Thirty-three seconds after Richland Police Officer Christian Jabri spotted the unarmed Charlie Suarez on the pedestrian trail between Cottonwood Drive and the SR 240 bypass highway, he shot at him five times. Two of the bullets hit Suarez in the left knee and right thigh. Three missed and haven’t been found.
Suarez had rolled his vehicle on the I-182 Wellsian Way exit near Fred Meyer and ran from the scene. Jabri and other Richland police officers looked for him in the wintertime darkness.
The two people involved have different stories about what happened during their brief contact. Richland police officers do not have body cameras, but the process is underway to provide them by next year.
The following is information from the 5,319-page Special Investigative Unit (SIU) report1 that the Observer obtained via a public record request made to the City of Richland.
On Feb. 1, 2021, Suarez had the day off from his 12-hour shifts at the Packaging Corporation of America (PCA) plant in Wallula, WA. He stopped by the Pasco home of Eloisa Ramirez, the mother of two of his children. He wanted to take the children to Chuck E Cheese in Kennewick.
According to Ramirez, Suarez pounded on her house and they argued. She told investigators that Suarez tried to hit her with his car.
Suarez drove away from Ramirez’s home. He told investigators that he was trying to decide whether to drive to Chelan to see his mother. He knew he needed gas for the three-hour trip, so he got off I-182 at Wellsian Way. He admitted later that he was driving too fast when he rolled his white 2002 GMC Denali at the curve.
The first thing he remembered was feeling like he was in a fishbowl looking at the windows and seeing people peering in at him. He climbed out of the passenger side door and started running up Thayer Drive. He said he ran because he didn’t have a driver’s license.
According to Southeast Communications Center (SECOMM) records, a call came in at 6:58 p.m. that there had been a rollover. Several more calls followed. The reporting caller originally said that the accident was behind Walmart but called again to say it was behind Fred Meyer.
At the time of the accident, Jabri was at the police station on George Washington Way. He was preparing to respond to a call about an “unwanted person” at WinCo on Columbia Point Drive.
Jabri heard dispatch call out that a driver of a rolled vehicle had fled and realized that the location near Wellsian Way was in his patrol area. He told dispatch he was going to help find the fleeing driver.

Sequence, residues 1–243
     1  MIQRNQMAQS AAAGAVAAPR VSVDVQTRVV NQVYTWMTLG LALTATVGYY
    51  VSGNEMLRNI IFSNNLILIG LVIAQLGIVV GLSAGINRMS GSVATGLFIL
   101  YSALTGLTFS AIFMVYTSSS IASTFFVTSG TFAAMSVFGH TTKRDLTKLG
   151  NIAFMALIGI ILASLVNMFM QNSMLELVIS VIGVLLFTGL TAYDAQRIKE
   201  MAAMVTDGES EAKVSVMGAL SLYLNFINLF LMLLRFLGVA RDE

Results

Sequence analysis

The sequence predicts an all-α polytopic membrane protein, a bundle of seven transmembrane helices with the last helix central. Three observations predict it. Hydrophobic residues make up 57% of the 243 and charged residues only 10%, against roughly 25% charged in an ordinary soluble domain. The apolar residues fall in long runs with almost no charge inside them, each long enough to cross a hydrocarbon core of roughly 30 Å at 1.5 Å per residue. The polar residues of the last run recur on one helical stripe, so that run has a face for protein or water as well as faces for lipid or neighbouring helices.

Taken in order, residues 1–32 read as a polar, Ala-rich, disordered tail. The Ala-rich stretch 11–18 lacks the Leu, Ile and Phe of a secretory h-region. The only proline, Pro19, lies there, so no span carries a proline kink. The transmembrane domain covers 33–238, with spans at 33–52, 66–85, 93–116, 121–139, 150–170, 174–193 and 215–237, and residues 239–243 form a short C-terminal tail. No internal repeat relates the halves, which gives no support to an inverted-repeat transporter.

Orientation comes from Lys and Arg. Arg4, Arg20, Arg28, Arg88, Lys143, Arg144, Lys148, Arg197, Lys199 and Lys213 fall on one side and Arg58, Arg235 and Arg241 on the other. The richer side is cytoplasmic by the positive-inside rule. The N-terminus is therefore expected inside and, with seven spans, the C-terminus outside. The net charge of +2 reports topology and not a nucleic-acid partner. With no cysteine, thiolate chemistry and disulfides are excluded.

By 7:05 p.m. — seven minutes after the first call — five patrol units had been assigned to the search. Jabri followed another patrol car south on Thayer Drive from Lee Street, then turned and drove west on Cottonwood Drive searching that area.
Dispatch records show that by about 7:06 p.m., police had the license plate number for Suarez’s Denali SUV. SIU records don’t show whether dispatch ran the numbers and told police about the owner.
The SIU report indicates Richland police didn’t know the name of the fleeing man until after he was shot. Jabri said in his statement that he didn’t learn Suarez’s name until the next day and he had never heard of him.
A memo in the SIU report also notes that Richland police didn’t know about the incident in Pasco.
Officers found one empty bottle of beer in Suarez’s car. A blood sample taken within two hours after his accident showed his blood alcohol level at .058, under the .08 legal limit. The only other drug in his system was the opioid pain reliever that Richland Fire Department medics gave him in the ambulance.
As Suarez ran up the trail behind Cottonwood Drive, he sent threatening text messages to Ramirez. He also called his mother in Chelan and told her that he had had an accident and was probably going to jail.
SECOMM records show that at 7:12 p.m. — 14 minutes into the call — Jabri radioed that he was checking the walking trail in his car. He bumped over the curb and started driving down the trail with his headlights on and shining a spotlight to illuminate the area.